Denpa Onna to Seishun Otoko 11

This episode is a turning point for Makoto, in which he actually openly reveals truths about himself to others. Since he was a youngin, he’d always been okay with giving up on things if he percieved them as too hard. We haven’t seen a lot of that, of course, because everything in the series has come to him very easily and with little or no effort.

Most of the episode is a series of conversations with all of the girls in his life. He’s kind of become a player of sorts without having done anything. Maekawa invites him to her house and makes him lunch, and then they play Mario Kart. How awesome an afternoon is that? Then a phone call with Ryuushi, that’s interrupted by an attention-starved Erio. His encounters are also sprinkled with the blindingly-white-haired space cadet Yashiro, who acts as a guru of sorts – with wisdom beyond her years.

As Makoto, Yashiro, Nakajima and Hanazawa (the latter two on a date) watch Ryuushi play basketball, Makoto recalls how he handled his apparent athletic inadequacies. He simply prevered observing. Playing the onlooker. This harkens back to something Maekawa said verbatim; she may be growing weary of being the onlooker. Makoto innocently thought she was talking more generally, but she was talking about her role in the show, watching Makoto progress with Ryuushi. She may not want to give up on him after all.

Ryuushi isn’t the best basketball player, but Yashiro blabbers on about her esper potential. Everything Makoto has heard thus far is stewing in his head and finally erupts in a “cheer” to Ryuushi that’s actually the most personal, heartfelt commentary he’s delivered yet…including his narration. It’s just the ticket for Ryuushi, and Yashiro has a look of knowing satisfaction. Well done, grasshopper. Makoto still faces tough choices. Will he give up and simply observe, or get off the sidelines and act? Rating: 4

Denpa Onna to Seishun Otoko 9

In the midst of summer, Makoto continues to juggle all the various idiosyncratic women in his life. The one with who seems the most natural, obvious choice to be his girlfriend would be Ryuushi, obviously. They exchange phone numbers, and she starts texting him immediately. She also wants him to support her in sports. Her flirting is also the most intentional and most blatant out of everyone (well, except Meme, but Makoto has no designs on her).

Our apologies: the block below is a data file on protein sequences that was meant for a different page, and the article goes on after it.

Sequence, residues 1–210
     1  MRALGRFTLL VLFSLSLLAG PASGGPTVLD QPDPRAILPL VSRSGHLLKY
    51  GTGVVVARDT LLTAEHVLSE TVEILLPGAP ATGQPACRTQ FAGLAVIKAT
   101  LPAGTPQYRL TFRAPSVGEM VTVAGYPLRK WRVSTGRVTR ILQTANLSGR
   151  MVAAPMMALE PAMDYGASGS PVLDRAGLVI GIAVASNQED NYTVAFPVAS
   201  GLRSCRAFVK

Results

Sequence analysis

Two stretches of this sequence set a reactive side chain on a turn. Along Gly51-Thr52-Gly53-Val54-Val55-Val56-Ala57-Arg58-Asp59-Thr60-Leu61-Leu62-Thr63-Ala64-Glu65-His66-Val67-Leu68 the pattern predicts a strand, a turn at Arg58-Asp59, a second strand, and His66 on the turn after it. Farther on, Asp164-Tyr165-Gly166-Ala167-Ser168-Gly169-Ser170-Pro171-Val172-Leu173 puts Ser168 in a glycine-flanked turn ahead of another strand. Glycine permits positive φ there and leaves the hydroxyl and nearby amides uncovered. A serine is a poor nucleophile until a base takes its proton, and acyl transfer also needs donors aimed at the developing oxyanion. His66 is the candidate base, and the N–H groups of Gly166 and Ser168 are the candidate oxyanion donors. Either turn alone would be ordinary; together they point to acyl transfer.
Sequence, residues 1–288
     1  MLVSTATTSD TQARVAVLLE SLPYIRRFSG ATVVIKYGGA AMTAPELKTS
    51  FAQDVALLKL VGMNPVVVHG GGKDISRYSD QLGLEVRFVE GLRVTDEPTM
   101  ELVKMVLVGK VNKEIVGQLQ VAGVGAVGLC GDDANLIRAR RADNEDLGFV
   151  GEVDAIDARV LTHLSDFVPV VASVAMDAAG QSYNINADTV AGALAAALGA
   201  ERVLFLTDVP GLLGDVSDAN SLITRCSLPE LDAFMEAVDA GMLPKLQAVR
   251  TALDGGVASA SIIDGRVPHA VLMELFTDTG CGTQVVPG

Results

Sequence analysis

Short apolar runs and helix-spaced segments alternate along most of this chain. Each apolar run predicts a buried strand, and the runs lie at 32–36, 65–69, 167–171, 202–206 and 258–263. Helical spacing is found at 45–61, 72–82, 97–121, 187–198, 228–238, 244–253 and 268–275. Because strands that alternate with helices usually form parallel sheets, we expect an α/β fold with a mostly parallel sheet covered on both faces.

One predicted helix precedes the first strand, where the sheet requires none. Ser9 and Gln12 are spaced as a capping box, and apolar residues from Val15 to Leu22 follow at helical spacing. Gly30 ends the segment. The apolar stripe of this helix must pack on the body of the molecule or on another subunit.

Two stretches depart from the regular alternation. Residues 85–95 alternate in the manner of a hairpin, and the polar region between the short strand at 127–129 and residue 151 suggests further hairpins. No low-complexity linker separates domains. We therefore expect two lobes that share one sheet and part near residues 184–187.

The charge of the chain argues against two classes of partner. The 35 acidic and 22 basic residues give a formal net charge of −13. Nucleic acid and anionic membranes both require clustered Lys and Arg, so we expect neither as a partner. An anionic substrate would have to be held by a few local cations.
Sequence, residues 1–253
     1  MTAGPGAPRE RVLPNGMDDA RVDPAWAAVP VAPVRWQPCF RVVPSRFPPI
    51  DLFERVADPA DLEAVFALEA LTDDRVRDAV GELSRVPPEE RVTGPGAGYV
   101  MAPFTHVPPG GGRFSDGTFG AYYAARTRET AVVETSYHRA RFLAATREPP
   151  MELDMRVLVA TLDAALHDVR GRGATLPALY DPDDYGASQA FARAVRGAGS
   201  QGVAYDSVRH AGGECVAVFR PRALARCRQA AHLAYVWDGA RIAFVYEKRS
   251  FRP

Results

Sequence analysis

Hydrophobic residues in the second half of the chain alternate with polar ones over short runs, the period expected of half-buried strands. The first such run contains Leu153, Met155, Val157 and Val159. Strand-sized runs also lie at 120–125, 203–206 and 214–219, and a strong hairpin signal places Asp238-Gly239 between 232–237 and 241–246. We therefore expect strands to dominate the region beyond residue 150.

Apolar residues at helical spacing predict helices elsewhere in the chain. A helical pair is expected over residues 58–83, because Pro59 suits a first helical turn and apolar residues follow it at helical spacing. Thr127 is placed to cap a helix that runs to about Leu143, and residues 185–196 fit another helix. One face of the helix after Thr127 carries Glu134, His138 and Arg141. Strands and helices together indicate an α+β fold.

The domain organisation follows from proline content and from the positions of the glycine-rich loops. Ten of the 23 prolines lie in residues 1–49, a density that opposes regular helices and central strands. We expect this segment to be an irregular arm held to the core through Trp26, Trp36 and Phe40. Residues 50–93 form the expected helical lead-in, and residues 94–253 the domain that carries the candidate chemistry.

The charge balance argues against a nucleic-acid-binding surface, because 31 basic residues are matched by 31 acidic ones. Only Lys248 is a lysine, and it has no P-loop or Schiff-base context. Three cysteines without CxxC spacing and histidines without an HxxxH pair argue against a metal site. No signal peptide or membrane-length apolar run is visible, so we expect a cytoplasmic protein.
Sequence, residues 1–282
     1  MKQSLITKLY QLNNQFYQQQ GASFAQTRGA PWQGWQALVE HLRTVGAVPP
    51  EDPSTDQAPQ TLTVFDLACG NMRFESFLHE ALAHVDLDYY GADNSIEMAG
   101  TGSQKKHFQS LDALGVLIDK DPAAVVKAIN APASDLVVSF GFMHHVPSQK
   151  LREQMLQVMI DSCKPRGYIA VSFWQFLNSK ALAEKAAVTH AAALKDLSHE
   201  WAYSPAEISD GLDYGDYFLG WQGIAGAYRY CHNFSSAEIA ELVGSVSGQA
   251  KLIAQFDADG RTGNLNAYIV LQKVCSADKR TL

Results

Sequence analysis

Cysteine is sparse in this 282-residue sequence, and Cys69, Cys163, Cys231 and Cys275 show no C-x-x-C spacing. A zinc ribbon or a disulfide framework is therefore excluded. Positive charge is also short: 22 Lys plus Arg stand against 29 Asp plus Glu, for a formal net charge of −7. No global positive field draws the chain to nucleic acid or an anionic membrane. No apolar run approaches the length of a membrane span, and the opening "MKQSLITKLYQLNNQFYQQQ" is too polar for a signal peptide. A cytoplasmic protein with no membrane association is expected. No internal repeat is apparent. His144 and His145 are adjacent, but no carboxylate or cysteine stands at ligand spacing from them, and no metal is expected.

Despite all her odd costumes, Maekawa seems far more mature and sly with her words than Ryuushi. She also seems to relish being a rival to Ryuushi for Makoto’s heart, although we don’t really know if her intention is to win it. Ryuushi’s mostly an open book; Maekawa’s murkier; an enigma. And then there’s the family: Meme annoys and even disturbs him most of the time, but there’s no disputing she is drop-dead gorgeous. His cousin Erio continues to cast an otherworldly spell on him.

This week, with its morning baseball game by the river played amongst people in business suits, space suits, and mackerel suits, aesthetic echoes of Arakawa Under the Bridge abound. It also contained lots of tongue-in-cheeck wordplay and jokes; I particularly liked Maekawa’s comment about “sports fishing.” She also calls the ace pitcher for the opposing team “Hanazawa-san” – before we learn that the short-skirted girl is indeed voiced by Kana Hanazawa. Man, that girl’s everywhere…not that I’m complaining.

So yeah, with three to four very different women around him all vying for his time and attention, Makoto is one busy adolescent. The appeal of this show isn’t just in the charm of the characters, but in reveling in just what a great life Makoto has. Fortunately, he seems to realize this himself, and isn’t constantly moping. Summertime; baseball; a serene town; cuties everywhere – this is the place to be. Rating: 3.5